Truth Tour Vid

Even though the tour itself is advertised as aimed for the college student audience, I would say at least a third of the people in attendance were older, middle-aged or even senior, citizens. This probably has something to do with the fact that most young people are democrats while older people tend to be more republican. This was not a problem though, because his speech really wasn’t targeted at just anyone that wants to improve their future.

Taken from the website

He started off talking about the American dream, and what the dream should consist of. He used himself throughout the first portion of his speech as an example of someone who has lived the American dream. Having a father who worked three jobs, and only being able to afford school lunch one day of the week, he spoke of how he came from a poor background. Then he talked about what it means to be successful and how you can get yourself there. He had three main points on success:

1. Success is a journey and not an endpoint. This simply meant that there is a difference between achieving small goals and achieving success.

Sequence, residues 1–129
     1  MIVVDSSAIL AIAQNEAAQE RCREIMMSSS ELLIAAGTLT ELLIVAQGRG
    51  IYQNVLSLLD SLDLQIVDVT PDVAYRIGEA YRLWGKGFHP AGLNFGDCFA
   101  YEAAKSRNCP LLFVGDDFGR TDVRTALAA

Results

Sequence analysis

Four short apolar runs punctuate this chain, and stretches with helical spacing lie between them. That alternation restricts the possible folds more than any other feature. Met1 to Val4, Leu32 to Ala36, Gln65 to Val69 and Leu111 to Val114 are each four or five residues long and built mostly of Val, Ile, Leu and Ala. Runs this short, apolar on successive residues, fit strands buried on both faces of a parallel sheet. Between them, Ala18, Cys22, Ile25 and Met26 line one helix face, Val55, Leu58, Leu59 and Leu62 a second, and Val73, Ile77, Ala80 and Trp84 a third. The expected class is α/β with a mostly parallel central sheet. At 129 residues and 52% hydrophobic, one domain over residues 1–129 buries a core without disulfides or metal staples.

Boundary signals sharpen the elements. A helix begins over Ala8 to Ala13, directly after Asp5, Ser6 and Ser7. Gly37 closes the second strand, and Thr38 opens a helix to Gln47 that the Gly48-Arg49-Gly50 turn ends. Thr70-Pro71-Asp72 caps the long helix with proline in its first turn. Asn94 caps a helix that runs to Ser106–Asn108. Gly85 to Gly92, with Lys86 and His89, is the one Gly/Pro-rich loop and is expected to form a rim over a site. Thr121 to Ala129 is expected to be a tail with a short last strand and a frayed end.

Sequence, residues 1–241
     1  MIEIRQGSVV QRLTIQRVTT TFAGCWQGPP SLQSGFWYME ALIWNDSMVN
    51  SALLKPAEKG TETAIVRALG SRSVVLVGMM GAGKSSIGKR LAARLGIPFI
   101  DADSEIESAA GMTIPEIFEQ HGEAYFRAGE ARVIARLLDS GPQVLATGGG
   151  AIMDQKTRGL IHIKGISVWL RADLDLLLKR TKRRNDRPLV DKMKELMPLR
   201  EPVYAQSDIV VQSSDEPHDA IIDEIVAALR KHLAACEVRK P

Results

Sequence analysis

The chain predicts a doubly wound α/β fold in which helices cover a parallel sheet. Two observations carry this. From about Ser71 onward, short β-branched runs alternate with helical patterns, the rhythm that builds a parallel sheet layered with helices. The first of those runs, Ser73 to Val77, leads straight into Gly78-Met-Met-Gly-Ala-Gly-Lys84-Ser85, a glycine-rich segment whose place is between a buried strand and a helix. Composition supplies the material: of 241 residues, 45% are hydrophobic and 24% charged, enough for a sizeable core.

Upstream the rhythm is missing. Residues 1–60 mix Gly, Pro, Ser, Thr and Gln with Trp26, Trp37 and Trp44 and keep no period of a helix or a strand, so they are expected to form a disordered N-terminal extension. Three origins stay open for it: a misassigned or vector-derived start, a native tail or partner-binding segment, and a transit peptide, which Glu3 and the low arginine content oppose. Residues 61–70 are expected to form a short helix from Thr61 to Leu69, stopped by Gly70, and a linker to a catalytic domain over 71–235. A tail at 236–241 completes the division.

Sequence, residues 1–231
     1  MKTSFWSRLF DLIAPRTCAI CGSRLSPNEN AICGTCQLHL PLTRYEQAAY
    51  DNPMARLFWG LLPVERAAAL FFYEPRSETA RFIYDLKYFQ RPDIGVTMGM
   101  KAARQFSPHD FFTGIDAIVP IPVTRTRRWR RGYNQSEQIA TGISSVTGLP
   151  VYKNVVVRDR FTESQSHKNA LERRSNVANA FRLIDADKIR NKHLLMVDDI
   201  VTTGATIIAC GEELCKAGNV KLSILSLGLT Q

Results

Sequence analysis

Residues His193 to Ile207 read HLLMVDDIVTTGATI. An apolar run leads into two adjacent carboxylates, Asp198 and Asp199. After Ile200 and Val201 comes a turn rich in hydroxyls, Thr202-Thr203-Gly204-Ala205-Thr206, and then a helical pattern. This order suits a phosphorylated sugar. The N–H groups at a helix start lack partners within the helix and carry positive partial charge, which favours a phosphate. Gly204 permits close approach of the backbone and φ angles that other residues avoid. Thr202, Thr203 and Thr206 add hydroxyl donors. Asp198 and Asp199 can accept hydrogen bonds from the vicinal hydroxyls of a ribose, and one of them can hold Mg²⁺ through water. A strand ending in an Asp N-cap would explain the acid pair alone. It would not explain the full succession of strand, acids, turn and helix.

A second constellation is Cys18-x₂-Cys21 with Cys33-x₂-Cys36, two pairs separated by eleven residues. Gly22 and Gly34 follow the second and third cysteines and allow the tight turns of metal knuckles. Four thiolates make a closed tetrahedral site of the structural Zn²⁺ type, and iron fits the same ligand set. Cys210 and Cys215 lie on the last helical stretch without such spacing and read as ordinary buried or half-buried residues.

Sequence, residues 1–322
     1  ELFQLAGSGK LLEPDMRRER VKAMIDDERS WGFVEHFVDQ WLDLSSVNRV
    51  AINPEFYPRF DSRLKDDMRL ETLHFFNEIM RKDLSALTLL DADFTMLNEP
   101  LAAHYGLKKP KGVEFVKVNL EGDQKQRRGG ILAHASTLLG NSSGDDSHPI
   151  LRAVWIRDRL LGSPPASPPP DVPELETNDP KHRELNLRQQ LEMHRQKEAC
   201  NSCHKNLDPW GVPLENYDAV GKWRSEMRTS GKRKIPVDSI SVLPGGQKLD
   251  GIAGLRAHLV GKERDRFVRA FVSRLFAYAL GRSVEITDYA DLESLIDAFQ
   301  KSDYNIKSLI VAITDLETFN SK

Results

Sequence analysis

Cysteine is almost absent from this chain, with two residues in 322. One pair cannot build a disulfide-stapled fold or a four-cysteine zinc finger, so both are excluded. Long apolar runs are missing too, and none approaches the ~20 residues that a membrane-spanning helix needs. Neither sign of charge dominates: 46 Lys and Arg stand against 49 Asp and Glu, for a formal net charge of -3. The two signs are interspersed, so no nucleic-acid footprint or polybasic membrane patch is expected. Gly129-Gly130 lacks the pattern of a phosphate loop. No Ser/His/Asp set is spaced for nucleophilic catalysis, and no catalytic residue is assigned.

2. Having no goals is far more detrimental to a person’s life than having unachieved goals. This was more insightful than the first point and I thought interesting. He spoke of how his first goal out of college was to make $20k a year. He worked himself up the pay-grade scale of the navy and found himself a job that paid just that. What I thought was the most important point in this part of his speech was that success is whatever you want it to be, but you need to set goals on your way there. After landing a $20k a year job, he decided he wanted another job and be the Vice President of something then President, and so on. (which he ended up achieving it all).

3. Success is a zig-zag process. This is pretty self-explanatory in that you will hit problems on your way to success.